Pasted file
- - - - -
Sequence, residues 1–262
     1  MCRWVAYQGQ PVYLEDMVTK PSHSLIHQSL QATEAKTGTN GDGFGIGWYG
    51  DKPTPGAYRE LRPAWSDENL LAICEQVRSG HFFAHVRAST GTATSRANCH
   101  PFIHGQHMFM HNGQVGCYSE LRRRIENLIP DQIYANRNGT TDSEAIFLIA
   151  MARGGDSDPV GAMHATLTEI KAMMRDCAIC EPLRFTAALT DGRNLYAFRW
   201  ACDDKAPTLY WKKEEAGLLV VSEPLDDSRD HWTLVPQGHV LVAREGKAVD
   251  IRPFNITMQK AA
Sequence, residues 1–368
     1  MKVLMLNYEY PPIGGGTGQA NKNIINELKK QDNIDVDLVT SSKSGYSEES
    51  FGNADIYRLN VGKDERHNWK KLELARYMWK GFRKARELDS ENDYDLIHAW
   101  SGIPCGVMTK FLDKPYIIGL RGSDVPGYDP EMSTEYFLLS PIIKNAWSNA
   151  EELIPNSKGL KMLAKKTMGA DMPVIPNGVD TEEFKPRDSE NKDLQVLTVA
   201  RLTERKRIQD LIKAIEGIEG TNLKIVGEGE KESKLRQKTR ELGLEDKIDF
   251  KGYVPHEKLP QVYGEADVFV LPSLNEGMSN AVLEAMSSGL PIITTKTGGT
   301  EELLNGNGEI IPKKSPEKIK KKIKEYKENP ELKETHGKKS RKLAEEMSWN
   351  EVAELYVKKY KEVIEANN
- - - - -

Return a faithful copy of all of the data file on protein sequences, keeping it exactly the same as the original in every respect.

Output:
Sequence, residues 1–262
     1  MCRWVAYQGQ PVYLEDMVTK PSHSLIHQSL QATEAKTGTN GDGFGIGWYG
    51  DKPTPGAYRE LRPAWSDENL LAICEQVRSG HFFAHVRAST GTATSRANCH
   101  PFIHGQHMFM HNGQVGCYSE LRRRIENLIP DQIYANRNGT TDSEAIFLIA
   151  MARGGDSDPV GAMHATLTEI KAMMRDCAIC EPLRFTAALT DGRNLYAFRW
   201  ACDDKAPTLY WKKEEAGLLV VSEPLDDSRD HWTLVPQGHV LVAREGKAVD
   251  IRPFNITMQK AA
Sequence, residues 1–368
     1  MKVLMLNYEY PPIGGGTGQA NKNIINELKK QDNIDVDLVT SSKSGYSEES
    51  FGNADIYRLN VGKDERHNWK KLELARYMWK GFRKARELDS ENDYDLIHAW
   101  SGIPCGVMTK FLDKPYIIGL RGSDVPGYDP EMSTEYFLLS PIIKNAWSNA
   151  EELIPNSKGL KMLAKKTMGA DMPVIPNGVD TEEFKPRDSE NKDLQVLTVA
   201  RLTERKRIQD LIKAIEGIEG TNLKIVGEGE KESKLRQKTR ELGLEDKIDF
   251  KGYVPHEKLP QVYGEADVFV LPSLNEGMSN AVLEAMSSGL PIITTKTGGT
   301  EELLNGNGEI IPKKSPEKIK KKIKEYKENP ELKETHGKKS RKLAEEMSWN
   351  EVAELYVKKY KEVIEANN